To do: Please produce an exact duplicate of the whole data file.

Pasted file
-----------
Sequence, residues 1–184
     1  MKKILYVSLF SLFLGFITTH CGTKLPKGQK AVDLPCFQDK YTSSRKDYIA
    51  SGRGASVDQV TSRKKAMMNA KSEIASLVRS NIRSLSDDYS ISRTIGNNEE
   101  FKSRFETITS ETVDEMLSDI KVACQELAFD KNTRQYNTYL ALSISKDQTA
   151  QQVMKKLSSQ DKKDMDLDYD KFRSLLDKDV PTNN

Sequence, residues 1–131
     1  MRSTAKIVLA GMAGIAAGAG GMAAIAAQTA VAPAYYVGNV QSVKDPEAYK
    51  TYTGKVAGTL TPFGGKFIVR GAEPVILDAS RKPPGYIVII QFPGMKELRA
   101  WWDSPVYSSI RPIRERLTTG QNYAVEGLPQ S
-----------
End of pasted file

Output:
Sequence, residues 1–184
     1  MKKILYVSLF SLFLGFITTH CGTKLPKGQK AVDLPCFQDK YTSSRKDYIA
    51  SGRGASVDQV TSRKKAMMNA KSEIASLVRS NIRSLSDDYS ISRTIGNNEE
   101  FKSRFETITS ETVDEMLSDI KVACQELAFD KNTRQYNTYL ALSISKDQTA
   151  QQVMKKLSSQ DKKDMDLDYD KFRSLLDKDV PTNN

Sequence, residues 1–131
     1  MRSTAKIVLA GMAGIAAGAG GMAAIAAQTA VAPAYYVGNV QSVKDPEAYK
    51  TYTGKVAGTL TPFGGKFIVR GAEPVILDAS RKPPGYIVII QFPGMKELRA
   101  WWDSPVYSSI RPIRERLTTG QNYAVEGLPQ S